Fig. 1. The distribution of overwintering golden apple snails in irrigation canals and ditches near paddy fields surveyed from 2001 to 2006, based on the literature (Hwang et al., 2001; Lee et al., 2002; Kim et al., 2007; Park, 2008; Seo et al., 2010). (a) Sampling sites, (b) sampling sites where the overwintering individuals were found. Frequency indicates the number of times observed in the literatures at each site.

In contrast to the endemic freshwater snail fauna, the golden apple snail is a macrophytophagous generalist, feeding on a wide range of aquatic macrophytes (Howells, 2002). The snails feed vigorously on aquatic macrophytic vegetation, and a dense population can completely consume aquatic macrophyte plant communities within a short time (Lach et al., 2000). An invasion of the golden apple snail can cause the complete disruption of an aquatic plant community, changing a plant-dominated, clear-water state to a turbid, algae-dominated area (Carlsson et al., 2004). In addition, the reduced biodiversity and biomass of the aquatic plants influence the nutrient retention capacity of the wetland. These findings show that grazing on macrophytes by the golden apple snail changes the function of the wetland ecosystem, as well as the ecosystem service value produced by the wetland.

The potential area of distribution of the golden apple snail would increase toward the northern parts of Korea under the influence of global warming (Fig. 2). The possible overwintering area would increase from 45.5% of South Korea in the 2020s to 88.4% in the 2080s (Fig. 3). The invasion of exotic species is one of the major threats to global biodiversity (Buchan and Padilla, 1999; Chapin et al., 2000; Kolar and Lodge, 2000; Sala et al., 2000; Strayer, 2001). Although the golden apple snail is found at very low densities in its native South America due to high predation pressures, efficient native predators are rare in Southeast Asia, resulting an increase in snail populations. In contrast to the native apple snail, the golden apple snails produce eggs by spawning. Mass propagation is relatively easy, and the emergence rate is high (95.8%) (Teo, 2004). The golden apple snail has already been naturalized in several Asian countries as a pest in paddy fields (Naylor, 1996). Similarly, it may become localized as a serious pest in Korea, and the expanded range of the golden apple snail caused by global warming could have serious effects on rice production. According to the United Nations Food and Agriculture Organization (2004), the economic losses caused by the golden apple snail in the Philippines are approximately 100 million US dollars. In addition, the USA has spent 10 billion US dollars on golden apple snail control (RDA, 2004).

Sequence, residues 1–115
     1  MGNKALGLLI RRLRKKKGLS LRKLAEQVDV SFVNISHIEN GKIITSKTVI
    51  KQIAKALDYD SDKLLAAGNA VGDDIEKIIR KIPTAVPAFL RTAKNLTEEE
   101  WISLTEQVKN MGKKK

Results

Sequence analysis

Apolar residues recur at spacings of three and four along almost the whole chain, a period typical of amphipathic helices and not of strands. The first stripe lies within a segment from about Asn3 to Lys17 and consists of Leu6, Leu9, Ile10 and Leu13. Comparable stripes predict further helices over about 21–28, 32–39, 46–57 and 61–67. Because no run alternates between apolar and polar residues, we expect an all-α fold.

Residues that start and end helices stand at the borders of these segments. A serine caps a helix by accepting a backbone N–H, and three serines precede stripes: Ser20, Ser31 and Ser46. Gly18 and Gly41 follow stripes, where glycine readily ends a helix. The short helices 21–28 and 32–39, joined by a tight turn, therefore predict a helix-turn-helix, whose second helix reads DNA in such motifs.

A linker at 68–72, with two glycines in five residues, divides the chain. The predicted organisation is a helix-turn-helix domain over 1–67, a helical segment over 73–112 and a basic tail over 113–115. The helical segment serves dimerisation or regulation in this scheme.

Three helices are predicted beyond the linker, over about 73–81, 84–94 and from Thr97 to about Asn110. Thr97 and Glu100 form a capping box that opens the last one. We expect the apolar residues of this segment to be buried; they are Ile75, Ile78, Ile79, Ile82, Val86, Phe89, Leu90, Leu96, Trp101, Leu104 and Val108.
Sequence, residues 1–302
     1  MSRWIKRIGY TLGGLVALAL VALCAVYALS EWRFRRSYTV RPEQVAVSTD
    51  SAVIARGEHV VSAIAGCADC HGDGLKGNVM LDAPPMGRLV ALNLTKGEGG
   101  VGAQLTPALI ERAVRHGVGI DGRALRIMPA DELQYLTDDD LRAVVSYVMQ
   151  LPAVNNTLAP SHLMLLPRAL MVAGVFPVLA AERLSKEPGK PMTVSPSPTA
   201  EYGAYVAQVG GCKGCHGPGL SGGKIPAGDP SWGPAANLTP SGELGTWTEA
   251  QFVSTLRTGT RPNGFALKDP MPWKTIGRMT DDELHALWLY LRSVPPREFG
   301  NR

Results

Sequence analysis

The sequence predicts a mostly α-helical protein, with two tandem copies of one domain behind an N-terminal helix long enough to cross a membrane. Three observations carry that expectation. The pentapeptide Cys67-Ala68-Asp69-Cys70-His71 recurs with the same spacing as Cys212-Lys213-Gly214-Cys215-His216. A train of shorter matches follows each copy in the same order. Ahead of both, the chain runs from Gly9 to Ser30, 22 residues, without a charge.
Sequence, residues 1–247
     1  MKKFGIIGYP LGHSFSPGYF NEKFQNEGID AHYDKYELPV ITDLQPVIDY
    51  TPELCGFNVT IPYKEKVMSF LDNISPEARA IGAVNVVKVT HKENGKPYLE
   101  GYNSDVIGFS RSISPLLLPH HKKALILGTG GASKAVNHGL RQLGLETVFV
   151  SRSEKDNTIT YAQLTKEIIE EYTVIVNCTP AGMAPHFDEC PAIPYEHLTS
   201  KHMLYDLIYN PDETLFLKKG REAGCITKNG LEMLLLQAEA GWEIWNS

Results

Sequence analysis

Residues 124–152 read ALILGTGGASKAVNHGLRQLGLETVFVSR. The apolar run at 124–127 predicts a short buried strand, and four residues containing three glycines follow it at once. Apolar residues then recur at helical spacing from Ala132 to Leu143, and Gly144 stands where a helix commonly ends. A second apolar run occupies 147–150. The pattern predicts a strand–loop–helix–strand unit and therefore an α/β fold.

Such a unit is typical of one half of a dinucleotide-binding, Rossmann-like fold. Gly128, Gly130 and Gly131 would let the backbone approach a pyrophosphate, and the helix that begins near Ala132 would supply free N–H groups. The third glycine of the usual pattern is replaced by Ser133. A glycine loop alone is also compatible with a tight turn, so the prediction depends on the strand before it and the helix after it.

Fig. 2. The changes in the potential distribution area of the golden apple snail in Korea in different decades based on the RCP 8.5 scenario.

Fig. 3. The changes in the percentage of the potential distribution area in Korea in different decades based on the RCP 8.5 scenario.

However, it is difficult to prohibit the use of the golden apple snail in environmentally friendly farming in Korea. In addition, the Korean government, along with local governments, has recommended the use of the golden apple snail for weed control in paddy fields. For this reason, it is expected that the number of farms applying the golden apple snail in their paddy fields will tend to increase. In this sense, the control and management of the golden apple snail should be stressed to reduce the dispersal of the snail (Lee et al., 2002). Therefore, further studies are required to effectively control the escape of the snails from paddy fields to open water systems, as well as to understand the behavioral responses of the snails to temperature changes. In addition, it is important to strengthen both the education of farmers about the ecology of the golden apple snail and the interconnections between farmers and supervisory agencies such as the Rural Development Administration. 

ACKNOWLEDGEMENTS

This study was supported by the Cooperative Research Program for Agricultural Science & Technology Development, RDA, Republic of Korea (No. PJ007420052011). 

Reference

1.Bang, S.W. and M.K. Cho. 2008. Ecological risk of alien apple snails used in environmentally-friendly agriculture and the urgent need for its risk management in Korea. Korean Journal of Environmental Biology 26(3): 129-137.
2.Buchan, L.A.J. and D.K. Padilla. 1999. Estimating the probability of long-distance overland dispersal of invading aquatic species. Ecological Applications 9: 254-265.
3.Carlsson, N.O.L., C. Brönmark and L.A. Hansson. 2004. Invading herbivory: the golden apple snail alters ecosystem functioning in Asian wetlands. Ecology 85: 1575-1580.
4.Chapin, F.S., E.S. Zavalata, V.T. Eviner, R.L. Naylor, P.M. Vitousek, H.L. Reynolds, D.U. Hooper, S. Lavorel, O.E. Sala, S.E. Hobbie, M.C. Mack and S. Diaz. 2000. Consequences of changing biodiversity. Nature 405: 234-242.